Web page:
“Daniel Wolff's fascinating tome, How Lincoln Learned to Read: Twelve Great Americans and the Educations That Made Them examines the training, formal or otherwise, of Lincoln and 11 other unique Americans in an effort to identify what makes for a "good education." From Lincoln's obsession with books and newspapers to Elvis Presley's fascination with movies and soundtracks, Wolff ties these and other personalities together with common historical threads, discerning how each was able to surmount difficulties and make his or her mark. Enriched by historical details of the Civil War and world wars, the Great Depression, and the rise of unions, and backed by extensive primary sources, Wolff's essays provide enlightening glimpses into the often-serendipitous process of education. This makes for a fascinating read.”—Huffington Post

“A quirky collection of tales of the formative years of a dozen famous Americans. How Lincoln Learned to Read reinforces the notion that the nation's inherent rebellious streak has served it well. ‘To believe your own thought,’ as Emerson wrote in his famous essay ‘Self-Reliance,’ ‘that is genius.’ Poor, unconnected people such as Elvis, he writes, ‘were supposed to harden into a category, to disappear.’ That they sometimes don't - that they sometimes find hope - well, that's a story worth retelling.”—Boston Globe

“Though his formal education was scanty, the young George Washington was described by an admiring neighbor as a boy who would go to school all his life. In this remarkably original group portrait of similar strivers, Daniel Wolff redefines the phrase "education for life." His classrooms range from a printer's shop in colonial Boston to the Pentecostal church attended by Gladys Presley’s boy Elvis. Looming above them all is the unschooled Lincoln, whose capacity for self-education will both shape and justify a brutal war for human possibility. How Lincoln Learned to Read might just as well be titled How Lincoln Learned to Lead.”—Richard Norton Smith, author of Patriarch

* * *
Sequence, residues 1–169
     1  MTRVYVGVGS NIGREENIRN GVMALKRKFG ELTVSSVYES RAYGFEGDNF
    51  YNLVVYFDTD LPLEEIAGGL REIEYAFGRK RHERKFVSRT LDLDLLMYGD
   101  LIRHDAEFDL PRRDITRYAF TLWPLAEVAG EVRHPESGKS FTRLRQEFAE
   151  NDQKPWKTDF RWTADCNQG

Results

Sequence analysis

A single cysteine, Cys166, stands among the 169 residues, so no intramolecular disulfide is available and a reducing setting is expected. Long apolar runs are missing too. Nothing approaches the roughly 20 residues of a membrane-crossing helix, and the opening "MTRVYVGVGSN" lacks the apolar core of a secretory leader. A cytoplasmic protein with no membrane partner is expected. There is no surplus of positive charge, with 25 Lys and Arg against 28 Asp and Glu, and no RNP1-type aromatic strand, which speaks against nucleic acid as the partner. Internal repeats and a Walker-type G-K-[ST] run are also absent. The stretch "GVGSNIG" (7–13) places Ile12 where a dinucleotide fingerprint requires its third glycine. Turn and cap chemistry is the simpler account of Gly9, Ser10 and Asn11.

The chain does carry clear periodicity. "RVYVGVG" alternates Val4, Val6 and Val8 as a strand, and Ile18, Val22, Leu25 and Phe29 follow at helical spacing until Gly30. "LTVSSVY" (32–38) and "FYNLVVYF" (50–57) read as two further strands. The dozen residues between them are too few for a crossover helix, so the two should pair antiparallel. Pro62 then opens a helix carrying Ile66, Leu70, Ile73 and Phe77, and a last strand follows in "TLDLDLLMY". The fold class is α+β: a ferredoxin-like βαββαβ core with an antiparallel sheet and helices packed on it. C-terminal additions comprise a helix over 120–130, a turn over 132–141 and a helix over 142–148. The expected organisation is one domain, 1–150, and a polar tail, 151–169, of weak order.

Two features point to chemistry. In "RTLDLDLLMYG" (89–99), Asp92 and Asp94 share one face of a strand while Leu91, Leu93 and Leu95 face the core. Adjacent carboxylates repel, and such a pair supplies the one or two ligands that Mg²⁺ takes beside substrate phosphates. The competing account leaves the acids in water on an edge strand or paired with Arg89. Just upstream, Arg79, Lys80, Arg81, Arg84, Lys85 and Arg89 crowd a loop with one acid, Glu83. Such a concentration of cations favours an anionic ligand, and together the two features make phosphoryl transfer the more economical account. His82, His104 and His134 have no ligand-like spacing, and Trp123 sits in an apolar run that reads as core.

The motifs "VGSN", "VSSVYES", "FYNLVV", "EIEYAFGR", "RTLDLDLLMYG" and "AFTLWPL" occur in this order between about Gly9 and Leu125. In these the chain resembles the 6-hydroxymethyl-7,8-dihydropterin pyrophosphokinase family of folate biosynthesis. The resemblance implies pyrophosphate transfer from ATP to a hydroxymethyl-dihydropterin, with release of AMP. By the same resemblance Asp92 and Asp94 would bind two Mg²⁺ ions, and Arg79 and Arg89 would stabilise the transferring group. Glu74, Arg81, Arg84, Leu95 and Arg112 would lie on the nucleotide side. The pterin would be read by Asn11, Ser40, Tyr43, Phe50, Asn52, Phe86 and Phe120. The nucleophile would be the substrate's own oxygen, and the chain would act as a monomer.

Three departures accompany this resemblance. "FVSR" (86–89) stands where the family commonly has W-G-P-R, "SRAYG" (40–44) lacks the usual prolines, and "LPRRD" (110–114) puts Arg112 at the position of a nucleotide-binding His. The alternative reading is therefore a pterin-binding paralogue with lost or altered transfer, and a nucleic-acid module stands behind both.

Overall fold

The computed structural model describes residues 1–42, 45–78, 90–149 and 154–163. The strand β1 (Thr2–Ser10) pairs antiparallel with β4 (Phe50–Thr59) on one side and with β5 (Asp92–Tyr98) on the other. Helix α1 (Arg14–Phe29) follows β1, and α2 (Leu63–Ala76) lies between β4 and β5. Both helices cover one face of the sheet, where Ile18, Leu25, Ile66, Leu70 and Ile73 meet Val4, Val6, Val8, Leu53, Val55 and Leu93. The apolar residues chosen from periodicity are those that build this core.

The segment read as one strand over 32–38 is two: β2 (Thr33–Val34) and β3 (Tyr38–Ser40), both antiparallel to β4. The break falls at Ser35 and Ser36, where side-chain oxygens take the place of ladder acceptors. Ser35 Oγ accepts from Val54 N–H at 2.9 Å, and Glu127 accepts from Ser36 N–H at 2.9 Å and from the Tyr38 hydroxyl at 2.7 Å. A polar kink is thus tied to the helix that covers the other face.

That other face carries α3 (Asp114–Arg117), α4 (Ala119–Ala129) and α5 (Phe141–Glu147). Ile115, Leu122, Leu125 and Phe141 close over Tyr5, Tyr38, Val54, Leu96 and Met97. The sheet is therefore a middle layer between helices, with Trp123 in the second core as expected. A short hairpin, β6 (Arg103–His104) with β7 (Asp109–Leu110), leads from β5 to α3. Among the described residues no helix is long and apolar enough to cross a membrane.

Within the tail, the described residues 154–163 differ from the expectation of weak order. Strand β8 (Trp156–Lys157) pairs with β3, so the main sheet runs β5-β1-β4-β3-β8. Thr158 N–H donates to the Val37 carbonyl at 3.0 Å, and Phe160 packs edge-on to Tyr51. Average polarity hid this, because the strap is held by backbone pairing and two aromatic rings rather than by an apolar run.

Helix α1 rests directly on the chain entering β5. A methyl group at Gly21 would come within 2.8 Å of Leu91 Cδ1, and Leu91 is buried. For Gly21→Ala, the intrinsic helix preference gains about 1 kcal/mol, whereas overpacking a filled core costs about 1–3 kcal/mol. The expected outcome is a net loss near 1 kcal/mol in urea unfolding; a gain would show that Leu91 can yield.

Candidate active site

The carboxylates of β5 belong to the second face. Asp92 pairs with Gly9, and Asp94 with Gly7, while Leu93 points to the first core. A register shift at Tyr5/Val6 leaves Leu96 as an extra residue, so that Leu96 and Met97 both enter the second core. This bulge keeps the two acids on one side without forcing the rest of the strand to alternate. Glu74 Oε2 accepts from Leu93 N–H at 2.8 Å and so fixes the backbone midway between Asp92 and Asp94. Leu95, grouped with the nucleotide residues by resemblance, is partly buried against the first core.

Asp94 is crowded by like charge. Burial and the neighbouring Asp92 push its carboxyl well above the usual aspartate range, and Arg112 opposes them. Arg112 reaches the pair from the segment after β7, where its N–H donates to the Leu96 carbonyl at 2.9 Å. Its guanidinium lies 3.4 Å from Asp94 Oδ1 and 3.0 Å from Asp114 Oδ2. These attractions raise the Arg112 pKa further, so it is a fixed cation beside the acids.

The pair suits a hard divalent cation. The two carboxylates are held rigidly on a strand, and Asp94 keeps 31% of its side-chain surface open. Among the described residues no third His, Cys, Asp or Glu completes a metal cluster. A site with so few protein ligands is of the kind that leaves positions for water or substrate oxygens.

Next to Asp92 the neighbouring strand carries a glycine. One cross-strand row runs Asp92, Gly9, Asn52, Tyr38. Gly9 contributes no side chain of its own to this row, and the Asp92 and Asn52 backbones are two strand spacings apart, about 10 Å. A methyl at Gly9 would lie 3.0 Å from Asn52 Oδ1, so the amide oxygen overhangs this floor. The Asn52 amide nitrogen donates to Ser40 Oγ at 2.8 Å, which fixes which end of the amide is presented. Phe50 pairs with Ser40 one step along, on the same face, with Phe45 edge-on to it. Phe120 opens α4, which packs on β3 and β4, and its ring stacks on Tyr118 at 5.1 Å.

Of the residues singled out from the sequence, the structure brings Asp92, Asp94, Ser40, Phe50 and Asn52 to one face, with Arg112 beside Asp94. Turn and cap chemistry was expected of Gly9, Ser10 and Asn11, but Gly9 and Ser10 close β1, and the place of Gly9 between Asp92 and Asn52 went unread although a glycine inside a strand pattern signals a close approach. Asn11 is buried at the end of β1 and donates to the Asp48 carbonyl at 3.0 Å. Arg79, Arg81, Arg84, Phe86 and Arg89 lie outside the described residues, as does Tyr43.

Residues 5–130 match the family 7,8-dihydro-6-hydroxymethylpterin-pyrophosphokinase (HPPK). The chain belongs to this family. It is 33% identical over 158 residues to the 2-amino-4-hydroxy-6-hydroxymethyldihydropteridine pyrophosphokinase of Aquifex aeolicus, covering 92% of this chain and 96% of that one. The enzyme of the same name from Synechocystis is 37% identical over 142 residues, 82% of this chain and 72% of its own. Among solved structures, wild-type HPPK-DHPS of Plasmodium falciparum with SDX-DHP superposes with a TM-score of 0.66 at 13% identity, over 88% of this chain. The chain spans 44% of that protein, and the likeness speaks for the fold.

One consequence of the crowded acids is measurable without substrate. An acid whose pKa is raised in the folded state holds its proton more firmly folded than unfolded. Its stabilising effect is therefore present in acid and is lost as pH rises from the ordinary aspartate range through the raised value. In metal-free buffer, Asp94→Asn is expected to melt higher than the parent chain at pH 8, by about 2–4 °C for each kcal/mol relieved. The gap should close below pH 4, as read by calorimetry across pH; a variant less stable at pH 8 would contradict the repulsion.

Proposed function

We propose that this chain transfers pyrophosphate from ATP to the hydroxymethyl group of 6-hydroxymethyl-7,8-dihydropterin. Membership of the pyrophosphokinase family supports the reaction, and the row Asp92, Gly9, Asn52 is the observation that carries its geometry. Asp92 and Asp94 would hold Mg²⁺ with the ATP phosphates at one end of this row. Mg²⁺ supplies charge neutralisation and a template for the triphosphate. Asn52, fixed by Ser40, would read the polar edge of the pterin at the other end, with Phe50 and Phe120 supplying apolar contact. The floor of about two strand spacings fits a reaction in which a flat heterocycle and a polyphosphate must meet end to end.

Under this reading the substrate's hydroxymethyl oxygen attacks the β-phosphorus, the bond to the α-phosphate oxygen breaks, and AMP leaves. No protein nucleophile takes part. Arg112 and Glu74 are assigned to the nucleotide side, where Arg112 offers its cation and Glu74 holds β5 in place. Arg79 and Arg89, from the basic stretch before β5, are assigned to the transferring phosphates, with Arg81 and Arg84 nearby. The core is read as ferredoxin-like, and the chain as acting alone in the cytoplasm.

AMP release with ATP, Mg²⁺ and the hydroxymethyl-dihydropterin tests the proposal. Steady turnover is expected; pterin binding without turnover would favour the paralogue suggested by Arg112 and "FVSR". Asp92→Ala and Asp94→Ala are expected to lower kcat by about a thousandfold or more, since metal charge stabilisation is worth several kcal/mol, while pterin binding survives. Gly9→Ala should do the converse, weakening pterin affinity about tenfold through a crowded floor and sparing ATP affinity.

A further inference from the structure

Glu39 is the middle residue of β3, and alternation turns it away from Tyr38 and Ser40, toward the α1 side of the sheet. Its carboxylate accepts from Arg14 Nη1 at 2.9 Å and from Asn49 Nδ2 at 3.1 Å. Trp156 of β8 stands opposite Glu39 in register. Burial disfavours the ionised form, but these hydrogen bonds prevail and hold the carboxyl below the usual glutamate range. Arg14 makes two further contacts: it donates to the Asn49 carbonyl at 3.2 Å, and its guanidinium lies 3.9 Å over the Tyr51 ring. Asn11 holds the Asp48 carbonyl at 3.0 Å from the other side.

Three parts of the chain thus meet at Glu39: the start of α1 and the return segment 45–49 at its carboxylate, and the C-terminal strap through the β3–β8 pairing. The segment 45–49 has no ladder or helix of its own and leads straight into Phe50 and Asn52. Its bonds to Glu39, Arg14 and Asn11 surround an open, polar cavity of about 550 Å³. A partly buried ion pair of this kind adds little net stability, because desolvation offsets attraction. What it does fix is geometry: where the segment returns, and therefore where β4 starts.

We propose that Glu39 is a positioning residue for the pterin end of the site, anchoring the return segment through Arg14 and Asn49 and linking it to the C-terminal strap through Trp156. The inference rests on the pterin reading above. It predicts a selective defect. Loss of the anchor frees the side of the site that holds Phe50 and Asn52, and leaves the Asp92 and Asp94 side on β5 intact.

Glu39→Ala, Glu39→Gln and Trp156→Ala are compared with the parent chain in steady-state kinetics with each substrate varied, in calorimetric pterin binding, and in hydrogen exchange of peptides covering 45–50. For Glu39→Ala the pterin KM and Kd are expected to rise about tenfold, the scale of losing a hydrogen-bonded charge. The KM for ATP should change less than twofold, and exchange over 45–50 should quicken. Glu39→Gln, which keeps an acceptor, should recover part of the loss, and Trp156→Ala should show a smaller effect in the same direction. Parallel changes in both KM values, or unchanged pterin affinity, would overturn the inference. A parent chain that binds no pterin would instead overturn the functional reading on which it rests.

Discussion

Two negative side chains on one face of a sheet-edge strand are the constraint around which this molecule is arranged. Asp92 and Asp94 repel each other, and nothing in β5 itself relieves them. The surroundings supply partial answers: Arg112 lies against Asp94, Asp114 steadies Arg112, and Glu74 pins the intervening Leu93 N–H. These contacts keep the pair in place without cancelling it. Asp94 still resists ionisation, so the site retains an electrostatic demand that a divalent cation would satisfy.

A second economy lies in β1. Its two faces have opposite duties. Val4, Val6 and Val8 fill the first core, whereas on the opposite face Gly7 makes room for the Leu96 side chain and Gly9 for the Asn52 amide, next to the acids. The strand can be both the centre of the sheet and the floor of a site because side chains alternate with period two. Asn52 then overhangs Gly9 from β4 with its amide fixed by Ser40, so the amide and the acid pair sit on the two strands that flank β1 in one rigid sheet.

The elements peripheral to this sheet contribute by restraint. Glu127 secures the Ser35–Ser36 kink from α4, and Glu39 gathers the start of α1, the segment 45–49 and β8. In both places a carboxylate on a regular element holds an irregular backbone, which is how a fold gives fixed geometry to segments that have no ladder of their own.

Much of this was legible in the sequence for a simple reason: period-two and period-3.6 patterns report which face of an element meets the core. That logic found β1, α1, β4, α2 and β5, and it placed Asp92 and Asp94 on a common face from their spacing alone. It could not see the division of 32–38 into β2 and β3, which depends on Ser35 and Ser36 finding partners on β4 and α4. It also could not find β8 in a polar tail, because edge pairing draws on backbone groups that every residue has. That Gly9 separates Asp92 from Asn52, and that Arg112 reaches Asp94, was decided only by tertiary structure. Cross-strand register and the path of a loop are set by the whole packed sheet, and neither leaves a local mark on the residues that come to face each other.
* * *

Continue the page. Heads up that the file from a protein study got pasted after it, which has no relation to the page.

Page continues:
“What a readable, powerful account of what education, as well as schooling, has meant to some of life's most interesting people. Start anywhere; each of the dozen accounts captures the individual, his or her time and place, and the most critical thoughts about learning that apply to our current debates. This is a collection that everyone ought to read—including our school kids, and also every member of Congress—for the sake of trying to answer the same tough question for America's future:  ‘How do we learn what we need to know?’”—Deborah Meier, author of In Schools We Trust

How Lincoln Learned to Read is the fascinating, largely untold story of the early educations of some of America’s most compelling leaders. A wonderful storyteller, Daniel Wolff leads us down a path that ultimately brings us back to Henry Adams’s fundamental question: what part of education is useful and what is not? There has probably never been a point in our nation’s history when the answer to that question was more important.”—Arne Duncan, U.S. Secretary of Education